This cause came on to be heard with James C. Handly, Jr. present for the plaintiff, and Harold B. Wahl present for the defendant. The court finds —
On July 16, 1971, this court issued its certificate to the Supreme Court of Florida under Florida Appellate Rule No. 4.6, from which is quoted the Statement of Facts and Questions One and Two —
*158STATEMENT OF FACTS
The minor plaintiff, Charles Sherman Benson, was on May 22, 1970, indicted by the Grand Jury of Duval County, Florida, for the crime of rape, and under the provisions of Section 39.02(6) (c), was arraigned in the Circuit Court as an adult and entered a plea of not guilty. Subsequent thereto, the minor plaintiff withdrew his plea of not guilty to the crime of rape and entered a plea of guilty to the said crime. The trial court withheld adjudication of guilt and committed the minor plaintiff to the Division of Youth Services of the State of Florida.
After the aforesaid commitment, the defendant, Florida Publishing Company, did in both of its newspapers, The Florida Times-Union and The Jacksonville Journal, publish the name and address of the minor plaintiff who was at that time an unmarried person below the age of sixteen years in connection with the reporting of the events which took place in open court in the trial court, notably the plea of guilty to the crime of rape and the commitment by the Court of the minor plaintiff to the Division of Youth Services.
The defendant through numerous members of its editorial staff admitted the publication and further stated that none of them had any knowledge of Florida Statute 801.221 at the time of the publication; that they did not know plaintiff and published a fair and accurate account, without malice, of what took place in open court on a matter of public interest. Any alleged prior unlawful activities of the minor plaintiff are reserved as matters of defense.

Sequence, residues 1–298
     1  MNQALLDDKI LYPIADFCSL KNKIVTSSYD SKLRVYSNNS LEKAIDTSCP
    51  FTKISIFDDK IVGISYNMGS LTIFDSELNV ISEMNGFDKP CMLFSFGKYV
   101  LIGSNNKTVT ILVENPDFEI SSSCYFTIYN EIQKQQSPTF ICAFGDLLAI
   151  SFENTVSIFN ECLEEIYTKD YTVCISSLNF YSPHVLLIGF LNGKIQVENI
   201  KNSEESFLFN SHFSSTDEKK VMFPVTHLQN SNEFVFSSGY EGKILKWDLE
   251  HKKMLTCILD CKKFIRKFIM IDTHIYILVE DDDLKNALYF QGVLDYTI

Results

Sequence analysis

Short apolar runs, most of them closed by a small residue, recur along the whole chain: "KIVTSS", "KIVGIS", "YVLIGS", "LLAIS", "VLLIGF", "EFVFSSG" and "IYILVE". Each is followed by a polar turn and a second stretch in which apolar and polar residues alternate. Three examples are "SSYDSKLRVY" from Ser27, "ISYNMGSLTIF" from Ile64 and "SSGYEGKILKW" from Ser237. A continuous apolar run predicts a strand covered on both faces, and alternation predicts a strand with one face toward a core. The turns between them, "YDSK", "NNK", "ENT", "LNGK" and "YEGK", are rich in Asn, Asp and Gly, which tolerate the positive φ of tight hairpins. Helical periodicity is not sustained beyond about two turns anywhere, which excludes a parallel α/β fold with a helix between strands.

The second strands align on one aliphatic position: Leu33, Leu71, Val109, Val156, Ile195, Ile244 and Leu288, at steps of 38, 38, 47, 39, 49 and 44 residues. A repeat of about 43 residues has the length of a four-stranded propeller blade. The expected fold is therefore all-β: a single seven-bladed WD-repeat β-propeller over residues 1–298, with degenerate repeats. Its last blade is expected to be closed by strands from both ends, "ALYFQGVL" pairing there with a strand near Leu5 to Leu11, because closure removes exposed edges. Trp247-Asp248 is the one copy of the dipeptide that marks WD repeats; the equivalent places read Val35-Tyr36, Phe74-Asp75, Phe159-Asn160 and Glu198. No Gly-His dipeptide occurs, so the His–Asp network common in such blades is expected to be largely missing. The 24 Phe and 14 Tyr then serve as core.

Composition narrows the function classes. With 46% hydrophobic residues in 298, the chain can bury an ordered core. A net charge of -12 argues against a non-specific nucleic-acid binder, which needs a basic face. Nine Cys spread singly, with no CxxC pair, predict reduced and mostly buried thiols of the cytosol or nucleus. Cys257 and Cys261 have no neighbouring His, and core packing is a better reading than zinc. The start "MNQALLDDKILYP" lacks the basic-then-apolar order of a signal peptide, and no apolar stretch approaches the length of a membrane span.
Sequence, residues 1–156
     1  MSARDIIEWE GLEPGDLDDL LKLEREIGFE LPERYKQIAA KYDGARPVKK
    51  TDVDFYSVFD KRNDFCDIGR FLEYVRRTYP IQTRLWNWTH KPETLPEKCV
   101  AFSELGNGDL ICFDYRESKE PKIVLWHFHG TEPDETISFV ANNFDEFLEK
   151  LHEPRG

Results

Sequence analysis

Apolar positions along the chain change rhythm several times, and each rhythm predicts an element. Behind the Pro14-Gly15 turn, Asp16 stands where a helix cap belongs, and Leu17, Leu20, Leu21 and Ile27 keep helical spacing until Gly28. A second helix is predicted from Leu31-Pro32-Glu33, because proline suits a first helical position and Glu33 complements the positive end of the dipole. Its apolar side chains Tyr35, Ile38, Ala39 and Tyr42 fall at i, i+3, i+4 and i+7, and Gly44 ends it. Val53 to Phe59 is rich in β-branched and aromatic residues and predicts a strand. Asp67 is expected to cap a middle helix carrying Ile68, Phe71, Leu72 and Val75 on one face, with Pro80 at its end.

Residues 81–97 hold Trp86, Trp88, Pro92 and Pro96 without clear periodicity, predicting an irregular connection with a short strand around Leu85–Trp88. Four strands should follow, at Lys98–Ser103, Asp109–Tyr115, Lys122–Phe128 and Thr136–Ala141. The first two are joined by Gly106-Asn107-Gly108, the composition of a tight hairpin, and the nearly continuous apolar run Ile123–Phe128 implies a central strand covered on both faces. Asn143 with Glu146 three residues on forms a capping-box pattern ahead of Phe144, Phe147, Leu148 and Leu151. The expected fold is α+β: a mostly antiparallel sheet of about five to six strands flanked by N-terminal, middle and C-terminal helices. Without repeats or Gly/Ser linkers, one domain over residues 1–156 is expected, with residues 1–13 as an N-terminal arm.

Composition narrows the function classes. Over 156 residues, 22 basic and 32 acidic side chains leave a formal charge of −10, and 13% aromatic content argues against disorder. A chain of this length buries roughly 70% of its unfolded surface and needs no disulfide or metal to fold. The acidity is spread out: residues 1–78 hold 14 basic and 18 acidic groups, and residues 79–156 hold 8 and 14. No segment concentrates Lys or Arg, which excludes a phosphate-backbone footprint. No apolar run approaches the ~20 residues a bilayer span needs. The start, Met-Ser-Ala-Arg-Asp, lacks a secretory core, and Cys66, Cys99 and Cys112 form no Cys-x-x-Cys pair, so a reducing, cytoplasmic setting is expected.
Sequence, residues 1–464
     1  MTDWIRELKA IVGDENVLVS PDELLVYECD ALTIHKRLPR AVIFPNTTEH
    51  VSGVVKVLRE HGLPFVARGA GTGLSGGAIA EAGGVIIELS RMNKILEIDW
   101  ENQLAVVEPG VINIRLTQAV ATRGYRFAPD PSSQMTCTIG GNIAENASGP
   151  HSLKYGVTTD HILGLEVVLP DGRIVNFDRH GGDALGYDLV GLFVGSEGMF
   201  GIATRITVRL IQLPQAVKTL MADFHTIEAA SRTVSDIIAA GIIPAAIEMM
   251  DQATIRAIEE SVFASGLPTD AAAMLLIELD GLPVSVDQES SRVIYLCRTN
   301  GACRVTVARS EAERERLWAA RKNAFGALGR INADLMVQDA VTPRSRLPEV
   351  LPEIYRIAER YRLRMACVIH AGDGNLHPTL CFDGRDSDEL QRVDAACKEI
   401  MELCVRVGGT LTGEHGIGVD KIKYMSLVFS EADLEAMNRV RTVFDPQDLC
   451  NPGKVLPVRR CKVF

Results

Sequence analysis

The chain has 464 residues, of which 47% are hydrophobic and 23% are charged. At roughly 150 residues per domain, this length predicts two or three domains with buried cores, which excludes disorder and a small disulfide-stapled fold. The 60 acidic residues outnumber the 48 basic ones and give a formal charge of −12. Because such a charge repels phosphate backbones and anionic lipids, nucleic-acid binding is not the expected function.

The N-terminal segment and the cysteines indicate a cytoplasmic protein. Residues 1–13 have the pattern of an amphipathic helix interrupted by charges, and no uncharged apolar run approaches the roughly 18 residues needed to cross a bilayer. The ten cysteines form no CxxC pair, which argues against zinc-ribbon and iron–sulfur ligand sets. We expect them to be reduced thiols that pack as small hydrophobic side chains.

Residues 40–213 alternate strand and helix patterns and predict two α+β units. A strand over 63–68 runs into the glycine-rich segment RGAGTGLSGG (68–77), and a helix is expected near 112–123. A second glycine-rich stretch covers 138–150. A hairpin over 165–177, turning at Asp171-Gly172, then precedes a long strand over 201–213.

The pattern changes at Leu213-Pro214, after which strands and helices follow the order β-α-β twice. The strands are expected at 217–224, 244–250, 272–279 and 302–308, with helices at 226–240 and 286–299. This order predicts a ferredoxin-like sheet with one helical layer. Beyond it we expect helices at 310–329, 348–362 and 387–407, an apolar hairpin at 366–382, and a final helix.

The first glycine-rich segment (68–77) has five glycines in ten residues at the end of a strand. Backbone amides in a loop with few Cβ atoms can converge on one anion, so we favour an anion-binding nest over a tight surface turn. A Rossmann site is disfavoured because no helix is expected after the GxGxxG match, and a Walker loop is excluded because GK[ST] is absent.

Under these factual circumstances, MAY THE PUBLICATION OF THE NAME AND ADDRESS OF AN UNMARRIED MINOR BELOW THE AGE OF SIXTEEN YEARS IN VIOLATION OF FLORIDA STATUTE 801.221 CONSTITUTIONALLY GIVE RISE TO A CAUSE OF ACTION FOR MONEY DAMAGES FOR INVASION OF THE SAID MINOR’S PRIVACY?
If the answer to QUESTION ONE IS IN THE AFFIRMATIVE, DOES THE PUBLICATION AS AFORESAID COUPLED WITH COMPLETE LACK OF KNOWLEDGE OF THE PROVISIONS OF FLORIDA STATUTE 801.221 PERMIT RECOVERY OF EXEMPLARY DAMAGES?
After briefs and oral argument, the Supreme Court of Florida on May 3, 1972, filed its opinion, 262 So.2d 196, with all seven members of the court concurring, from which is quoted the answer given by the Supreme Court to the questions certified by this court —
The questions certified have to do with Florida Statutes §801.221, a section of the Child Molester Law which prohibits publishing the
*159names of minors charged with sex crimes under the Child Molester Law. The crime involved in the instant case is the capital offense of rape. Rape is not one of the enumerated crimes covered by the Child Molester Law. Therefore, petitioner here, charged with the capital offense of rape, is not entitled to any protection under Florida Statutes §801.221.
Accordingly, our answer to both questions certified is as follows: Florida Statutes Section 801.221 does not apply to persons charged with capital offenses.
No petition for rehearing was filed in the Supreme Court, and the opinion has become final.
Pursuant to such opinion of the Supreme Court of Florida, plaintiff has no cause of action here. Defendant published a fair and accurate account of proceedings in open court, without malice publishing a story on a matter of public interest.
Upon consideration, it is ordered and adjudged that Charles Sherman Benson, a minor, through his next friend and father, Benny G. Benson, shall take nothing by his suit and said suit is dismissed with prejudice; that defendant shall go hence without day; and defendant Florida Publishing Company do have and recover from plaintiffs its costs to be hereafter taxed.